Open spaces in the city
From fields to squares and gardens
in The birth of modern London
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The process of urban growth generated a series of changes whereby old spaces became transformed into new ones, open land and countryside were swallowed up by bricks and mortar, and outlying villages and farms were transmuted into first suburban and then in time inner-city areas. Lincoln's Inn Fields represents a different strand in the creation of the quintessential London space. Lincoln's Inn Fields in Strype's view looks like nothing more than an extension of the landscape of the adjacent Lincoln's Inn and Gray's Inn. The first two squares in London, Covent Garden of 1631 and Lincoln's Inn Fields of c. 1640, demonstrate both the creative architectural mix which formed the English square and the competing demands made on these new urban spaces.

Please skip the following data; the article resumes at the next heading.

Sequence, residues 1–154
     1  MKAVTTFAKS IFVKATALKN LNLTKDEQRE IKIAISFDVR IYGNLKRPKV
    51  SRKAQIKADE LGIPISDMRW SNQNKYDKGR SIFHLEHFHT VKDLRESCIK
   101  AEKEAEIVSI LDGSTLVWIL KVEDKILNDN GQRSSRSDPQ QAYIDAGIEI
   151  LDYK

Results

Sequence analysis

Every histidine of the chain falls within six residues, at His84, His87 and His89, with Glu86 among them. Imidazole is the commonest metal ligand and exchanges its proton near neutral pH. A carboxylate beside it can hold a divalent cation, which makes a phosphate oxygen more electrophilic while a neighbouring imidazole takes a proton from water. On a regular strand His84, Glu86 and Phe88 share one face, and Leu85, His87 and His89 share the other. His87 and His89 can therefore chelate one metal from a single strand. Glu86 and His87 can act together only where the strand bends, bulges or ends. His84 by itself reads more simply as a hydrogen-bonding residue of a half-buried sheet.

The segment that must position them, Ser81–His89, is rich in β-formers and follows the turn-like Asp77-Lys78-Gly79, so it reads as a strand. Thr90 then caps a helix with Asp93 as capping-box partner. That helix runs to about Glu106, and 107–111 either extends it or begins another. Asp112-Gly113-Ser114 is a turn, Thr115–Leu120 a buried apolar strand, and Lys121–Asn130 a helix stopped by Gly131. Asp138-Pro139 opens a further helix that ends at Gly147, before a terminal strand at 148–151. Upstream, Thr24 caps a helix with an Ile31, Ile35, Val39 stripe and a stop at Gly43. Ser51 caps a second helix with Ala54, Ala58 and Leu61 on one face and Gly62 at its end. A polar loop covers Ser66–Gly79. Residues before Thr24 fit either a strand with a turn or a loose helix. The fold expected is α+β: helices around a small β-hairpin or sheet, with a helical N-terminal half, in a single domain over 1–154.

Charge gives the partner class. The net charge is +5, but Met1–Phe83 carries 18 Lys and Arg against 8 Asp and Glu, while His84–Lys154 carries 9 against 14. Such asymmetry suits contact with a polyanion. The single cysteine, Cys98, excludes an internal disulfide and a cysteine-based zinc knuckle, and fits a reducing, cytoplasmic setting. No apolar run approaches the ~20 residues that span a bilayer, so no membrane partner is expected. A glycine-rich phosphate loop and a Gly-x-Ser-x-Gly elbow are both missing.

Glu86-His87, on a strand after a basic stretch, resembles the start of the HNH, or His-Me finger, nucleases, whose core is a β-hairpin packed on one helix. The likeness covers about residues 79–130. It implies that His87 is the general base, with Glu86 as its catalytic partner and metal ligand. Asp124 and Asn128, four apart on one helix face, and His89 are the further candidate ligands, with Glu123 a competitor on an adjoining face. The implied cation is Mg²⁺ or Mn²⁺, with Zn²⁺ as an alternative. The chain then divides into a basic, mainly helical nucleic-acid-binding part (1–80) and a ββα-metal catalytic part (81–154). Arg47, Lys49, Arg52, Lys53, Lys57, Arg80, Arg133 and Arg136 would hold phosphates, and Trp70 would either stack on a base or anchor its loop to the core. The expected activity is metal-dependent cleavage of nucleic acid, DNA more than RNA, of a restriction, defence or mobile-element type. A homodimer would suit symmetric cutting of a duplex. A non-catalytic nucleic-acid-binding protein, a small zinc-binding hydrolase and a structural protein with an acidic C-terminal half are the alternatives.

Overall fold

The birth of modern London

The development and design of the city 1660–1720


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